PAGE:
Campers in the woods get offed in this wacky, totally obscure psychological horror from the early 80s — to be sought out only by die hard slasher fans.
With the success of Halloween and Friday the 13th came countless imitators trying to cash in on the serial killer craze. Some of these films are well known, others not so much within the ‘normal’ horror fans lexicon of films. The imitators for Friday the 13th were quite numerous. Since it was about a killer in the woods, it was very easy to copy.
Now, I love a good slasher flick. It’s a style that is so simple, so direct, and needs little direction or difference to keep someone interested. It’s a style where nothing has to be ‘different’ or ‘new’, because if you get the atmosphere and the sense of tension right, it’s going to be a good movie.
Of course, one of those thin lines a film can walk is how to present its main villain or murderer. Usually in a slasher movie, the killer is an enigma — dark and mysterious, with his reasons for killing either being cryptic or severely disturbing. Halloween was the best of the cryptic killer movies, without a doubt. The original Friday the 13th gave a purpose to its killer, and in the beginning was presented as more of a whodunnit than anything else.
The Forest is a very under the radar and forgotten slasher entry.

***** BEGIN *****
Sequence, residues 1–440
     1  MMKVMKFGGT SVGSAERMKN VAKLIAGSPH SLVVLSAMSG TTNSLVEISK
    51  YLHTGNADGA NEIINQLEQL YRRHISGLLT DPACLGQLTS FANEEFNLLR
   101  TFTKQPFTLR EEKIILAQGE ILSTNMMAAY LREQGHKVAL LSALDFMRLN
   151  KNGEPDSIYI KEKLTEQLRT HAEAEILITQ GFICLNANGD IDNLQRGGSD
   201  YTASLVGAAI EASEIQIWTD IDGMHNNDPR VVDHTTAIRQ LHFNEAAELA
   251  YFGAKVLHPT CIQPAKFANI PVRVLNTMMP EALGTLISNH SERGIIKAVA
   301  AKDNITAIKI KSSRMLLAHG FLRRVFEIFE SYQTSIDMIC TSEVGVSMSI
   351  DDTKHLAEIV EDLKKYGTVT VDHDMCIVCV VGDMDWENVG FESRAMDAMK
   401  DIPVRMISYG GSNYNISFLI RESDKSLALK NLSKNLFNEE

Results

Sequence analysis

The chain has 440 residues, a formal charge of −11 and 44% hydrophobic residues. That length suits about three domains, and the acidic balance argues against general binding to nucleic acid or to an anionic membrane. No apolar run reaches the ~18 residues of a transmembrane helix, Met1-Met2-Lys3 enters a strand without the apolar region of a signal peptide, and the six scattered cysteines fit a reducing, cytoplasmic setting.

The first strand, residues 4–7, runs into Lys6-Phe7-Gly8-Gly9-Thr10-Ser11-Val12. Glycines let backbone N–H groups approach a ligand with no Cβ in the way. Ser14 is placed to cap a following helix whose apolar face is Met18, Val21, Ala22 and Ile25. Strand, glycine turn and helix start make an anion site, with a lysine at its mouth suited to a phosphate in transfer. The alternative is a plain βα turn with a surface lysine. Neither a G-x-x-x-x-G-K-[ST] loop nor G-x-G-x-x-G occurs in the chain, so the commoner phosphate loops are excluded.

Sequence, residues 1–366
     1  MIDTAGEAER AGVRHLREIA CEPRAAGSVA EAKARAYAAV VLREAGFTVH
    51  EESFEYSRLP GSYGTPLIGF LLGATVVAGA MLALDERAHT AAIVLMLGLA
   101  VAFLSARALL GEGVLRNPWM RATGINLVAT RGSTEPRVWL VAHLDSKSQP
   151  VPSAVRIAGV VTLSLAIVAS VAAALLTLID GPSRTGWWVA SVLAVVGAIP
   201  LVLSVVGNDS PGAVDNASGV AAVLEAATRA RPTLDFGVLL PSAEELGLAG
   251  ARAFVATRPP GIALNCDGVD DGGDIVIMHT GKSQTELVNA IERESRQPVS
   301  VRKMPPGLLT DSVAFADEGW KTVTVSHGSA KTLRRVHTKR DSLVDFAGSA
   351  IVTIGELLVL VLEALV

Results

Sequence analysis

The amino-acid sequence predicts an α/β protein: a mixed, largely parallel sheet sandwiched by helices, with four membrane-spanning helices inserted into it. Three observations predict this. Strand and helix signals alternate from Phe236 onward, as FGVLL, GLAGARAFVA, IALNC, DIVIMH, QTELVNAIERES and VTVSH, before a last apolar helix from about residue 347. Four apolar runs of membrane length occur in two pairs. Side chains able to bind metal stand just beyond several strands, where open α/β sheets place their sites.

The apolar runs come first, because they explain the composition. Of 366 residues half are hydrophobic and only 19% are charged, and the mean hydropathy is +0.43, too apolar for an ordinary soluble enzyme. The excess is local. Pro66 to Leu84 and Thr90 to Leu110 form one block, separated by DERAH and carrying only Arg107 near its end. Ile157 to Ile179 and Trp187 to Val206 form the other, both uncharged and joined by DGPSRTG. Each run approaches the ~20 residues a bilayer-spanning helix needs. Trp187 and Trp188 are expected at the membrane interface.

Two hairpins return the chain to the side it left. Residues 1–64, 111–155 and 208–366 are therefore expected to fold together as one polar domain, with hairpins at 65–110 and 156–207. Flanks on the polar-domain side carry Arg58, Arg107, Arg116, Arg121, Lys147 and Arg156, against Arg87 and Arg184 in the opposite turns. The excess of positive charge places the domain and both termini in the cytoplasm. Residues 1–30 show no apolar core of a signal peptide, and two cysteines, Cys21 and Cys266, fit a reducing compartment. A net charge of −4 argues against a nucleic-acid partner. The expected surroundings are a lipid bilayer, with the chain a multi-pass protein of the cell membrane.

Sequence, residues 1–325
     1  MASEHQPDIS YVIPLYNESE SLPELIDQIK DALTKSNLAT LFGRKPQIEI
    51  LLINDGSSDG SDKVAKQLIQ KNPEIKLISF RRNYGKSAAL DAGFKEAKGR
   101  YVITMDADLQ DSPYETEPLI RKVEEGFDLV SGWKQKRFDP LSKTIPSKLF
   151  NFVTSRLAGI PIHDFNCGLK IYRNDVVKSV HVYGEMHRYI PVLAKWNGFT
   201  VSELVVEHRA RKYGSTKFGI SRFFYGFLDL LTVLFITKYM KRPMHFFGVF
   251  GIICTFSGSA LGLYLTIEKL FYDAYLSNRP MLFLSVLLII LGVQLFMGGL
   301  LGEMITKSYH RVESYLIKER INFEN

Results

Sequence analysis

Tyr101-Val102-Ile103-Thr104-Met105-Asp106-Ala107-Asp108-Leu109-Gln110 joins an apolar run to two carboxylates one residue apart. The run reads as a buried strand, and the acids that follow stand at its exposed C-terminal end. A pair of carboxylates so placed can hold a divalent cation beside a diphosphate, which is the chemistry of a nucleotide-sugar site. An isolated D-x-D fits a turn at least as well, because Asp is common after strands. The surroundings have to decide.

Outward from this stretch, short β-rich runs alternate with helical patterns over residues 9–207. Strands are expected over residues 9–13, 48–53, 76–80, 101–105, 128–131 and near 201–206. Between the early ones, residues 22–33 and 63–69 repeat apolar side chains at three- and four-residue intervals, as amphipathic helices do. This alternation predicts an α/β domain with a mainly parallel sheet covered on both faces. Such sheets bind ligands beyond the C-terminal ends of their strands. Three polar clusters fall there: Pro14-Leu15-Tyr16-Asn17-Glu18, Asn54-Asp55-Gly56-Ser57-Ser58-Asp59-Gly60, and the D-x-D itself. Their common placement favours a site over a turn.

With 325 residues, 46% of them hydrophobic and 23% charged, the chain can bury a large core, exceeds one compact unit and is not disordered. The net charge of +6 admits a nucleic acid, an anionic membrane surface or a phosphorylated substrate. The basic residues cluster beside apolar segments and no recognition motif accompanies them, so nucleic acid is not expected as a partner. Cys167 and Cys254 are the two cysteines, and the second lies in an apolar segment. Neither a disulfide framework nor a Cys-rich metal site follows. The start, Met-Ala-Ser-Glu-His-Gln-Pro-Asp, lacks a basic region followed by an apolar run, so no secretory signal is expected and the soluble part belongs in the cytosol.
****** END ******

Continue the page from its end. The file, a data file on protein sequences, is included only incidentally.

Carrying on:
It’s not especially bloody, has no nudity or even bad language, and the killer is shown in a more sympathetic light. There’s a very easy plot as well. It’s the standard: some people go camping, and there’s a killer loose in the woods. The movie goes for a weird supernatural feel as the woods are also infested with the ghosts of the killer’s family, which at times help the four main would-be victims who are running around in the woods.
Through the ghosts, and through flashbacks of the killer’s memory, we are shown why the killer became the crazy cannibal dude that he is. They show us enough to make the audience sympathize with him a little bit. It’s not the most effective strategy, and they leave many things unexplained, such as why he is a cannibal. I think they just wanted to make him scary as can be (by making him cannibal) yet wanted to have a “reason” for his killings.
One really bizarre choice in the The Forest was the awesome original music. The soundtrack is trying to be as memorable as the iconic Halloween score, with a “theme”. The synth sounds of the 80s are in full gear throughout the film, which is super awesome and silly. Plus, there are some really bad, 70’s sounding soul-type pop songs that litter the film, and they are truly laughable. This gives the film an entirely different feel, ending up with a mishmash of tones.
The Forest was almost more of a psychological thriller than anything else. It doesn’t embrace its B-grade enough to make it self aware and funny. See it if you’ve got plenty of patience, or if you just LOVE slashers like I do. Otherwise, it’s probably skip-able.